PRENTICE: Ambassador, let's talk about Idaho. You have lived and worked all over the world, but you made a decision in the, I think, was it the early 2000, uh, to work and to live here? Can I assume that you do miss Sun Valley and Idaho?

HICKEY: I love Idaho, and I've traveled all over the state and hiked all over the state and skied all over the state and biked all over the state. So I love it. And it's great for my family and for my kids. So I feel blessed that we live there. And it happened by accident. Um, I was in San Francisco. I ran a venture firm there, and one of my partners, uh, had a house in Sun Valley, and he said, hey, come on up. This was, I think, in 99 or 2000. And he, he we flew up to Sun Valley and I think we had like, six feet of snow. I've never seen such great snow. And within two weeks I bought a house in Sun Valley. So yeah, I love it. Uh, I love going back, whether it's winter or summer. It's really an extraordinary, extraordinary place.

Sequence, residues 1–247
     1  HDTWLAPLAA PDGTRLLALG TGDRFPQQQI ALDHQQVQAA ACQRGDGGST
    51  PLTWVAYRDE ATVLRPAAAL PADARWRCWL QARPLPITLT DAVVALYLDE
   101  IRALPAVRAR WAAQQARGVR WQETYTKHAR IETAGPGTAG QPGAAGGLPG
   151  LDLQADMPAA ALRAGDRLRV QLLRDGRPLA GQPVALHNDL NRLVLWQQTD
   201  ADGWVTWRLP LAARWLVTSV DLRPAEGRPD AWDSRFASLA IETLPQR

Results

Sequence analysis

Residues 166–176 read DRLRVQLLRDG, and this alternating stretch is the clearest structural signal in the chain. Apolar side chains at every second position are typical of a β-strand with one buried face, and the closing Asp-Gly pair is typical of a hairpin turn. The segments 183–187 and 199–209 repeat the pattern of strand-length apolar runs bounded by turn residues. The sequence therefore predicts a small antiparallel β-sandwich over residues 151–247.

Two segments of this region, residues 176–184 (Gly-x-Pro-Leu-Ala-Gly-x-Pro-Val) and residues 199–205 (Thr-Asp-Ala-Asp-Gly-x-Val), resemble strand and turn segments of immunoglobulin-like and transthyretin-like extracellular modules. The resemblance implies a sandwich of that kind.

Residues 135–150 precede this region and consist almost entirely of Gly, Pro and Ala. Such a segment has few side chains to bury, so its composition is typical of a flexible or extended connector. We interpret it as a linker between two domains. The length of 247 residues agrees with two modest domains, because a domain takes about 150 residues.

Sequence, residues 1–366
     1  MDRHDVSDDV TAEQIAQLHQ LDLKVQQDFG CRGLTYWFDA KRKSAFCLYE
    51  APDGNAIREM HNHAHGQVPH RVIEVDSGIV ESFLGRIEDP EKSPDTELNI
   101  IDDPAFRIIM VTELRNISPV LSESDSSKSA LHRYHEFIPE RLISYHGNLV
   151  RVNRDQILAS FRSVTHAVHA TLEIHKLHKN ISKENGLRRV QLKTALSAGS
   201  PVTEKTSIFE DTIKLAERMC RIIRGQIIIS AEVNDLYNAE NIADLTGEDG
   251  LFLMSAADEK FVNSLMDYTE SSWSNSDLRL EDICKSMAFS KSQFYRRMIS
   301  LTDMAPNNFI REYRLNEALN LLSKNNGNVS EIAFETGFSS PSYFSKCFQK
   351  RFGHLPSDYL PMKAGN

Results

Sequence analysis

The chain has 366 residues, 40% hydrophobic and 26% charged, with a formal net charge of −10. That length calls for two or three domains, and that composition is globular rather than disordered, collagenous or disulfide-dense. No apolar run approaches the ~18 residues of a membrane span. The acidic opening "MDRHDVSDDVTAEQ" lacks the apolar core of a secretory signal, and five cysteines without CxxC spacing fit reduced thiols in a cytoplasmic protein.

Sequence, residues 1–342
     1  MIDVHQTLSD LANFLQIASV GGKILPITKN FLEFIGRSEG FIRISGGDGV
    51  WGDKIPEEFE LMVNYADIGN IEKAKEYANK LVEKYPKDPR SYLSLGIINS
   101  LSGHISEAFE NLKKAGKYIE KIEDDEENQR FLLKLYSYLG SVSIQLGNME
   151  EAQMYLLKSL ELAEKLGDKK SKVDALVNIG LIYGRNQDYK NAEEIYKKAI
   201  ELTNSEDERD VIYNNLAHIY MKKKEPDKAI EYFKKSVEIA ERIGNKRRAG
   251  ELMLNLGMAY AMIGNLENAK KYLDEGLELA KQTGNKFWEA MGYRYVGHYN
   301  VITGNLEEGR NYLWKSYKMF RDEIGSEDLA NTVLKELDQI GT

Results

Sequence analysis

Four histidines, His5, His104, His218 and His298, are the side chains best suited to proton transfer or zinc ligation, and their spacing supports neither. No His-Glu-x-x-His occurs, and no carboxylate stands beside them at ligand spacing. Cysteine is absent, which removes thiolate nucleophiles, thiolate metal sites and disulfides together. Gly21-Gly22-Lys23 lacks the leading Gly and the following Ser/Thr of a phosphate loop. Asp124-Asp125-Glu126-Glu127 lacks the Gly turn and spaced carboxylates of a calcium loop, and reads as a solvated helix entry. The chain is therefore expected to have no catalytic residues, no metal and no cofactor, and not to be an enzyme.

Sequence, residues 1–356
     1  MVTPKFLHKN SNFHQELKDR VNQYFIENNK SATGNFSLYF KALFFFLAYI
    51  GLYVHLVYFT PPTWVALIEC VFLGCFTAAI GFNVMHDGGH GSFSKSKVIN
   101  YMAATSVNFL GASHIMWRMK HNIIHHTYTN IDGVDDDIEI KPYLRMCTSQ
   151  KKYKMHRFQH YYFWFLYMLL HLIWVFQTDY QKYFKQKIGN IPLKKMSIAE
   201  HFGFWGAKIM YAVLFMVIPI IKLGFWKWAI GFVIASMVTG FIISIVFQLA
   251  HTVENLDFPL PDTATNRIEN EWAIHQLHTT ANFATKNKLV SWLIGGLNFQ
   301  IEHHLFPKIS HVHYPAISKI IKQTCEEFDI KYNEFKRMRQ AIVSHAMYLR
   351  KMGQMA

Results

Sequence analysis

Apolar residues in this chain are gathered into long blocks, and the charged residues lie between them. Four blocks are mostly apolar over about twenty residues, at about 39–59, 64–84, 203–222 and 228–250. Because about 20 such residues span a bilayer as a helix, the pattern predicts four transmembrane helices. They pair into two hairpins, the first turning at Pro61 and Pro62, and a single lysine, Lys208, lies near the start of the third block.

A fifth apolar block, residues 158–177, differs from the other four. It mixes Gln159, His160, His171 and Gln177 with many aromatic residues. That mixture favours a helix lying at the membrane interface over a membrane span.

PRENTICE: Okay, so we know now that you missed the fresh powder. Can I also assume that you miss a burger at Grumpy's evenings at the limelight? Uh, all of those things, too.

HICKEY: Well, you know, uh, you mentioned Grumpy's. I mean, that's my that's my go-to place in Sun Valley. Winter or summer. I was looking in my tray the other day where I keep cufflinks and a couple other things, and I actually had some grumpy dollars that were, uh, were there. So yeah, I love Grumpy's and I've met some just amazing people from literally all over the world in Grumpy's.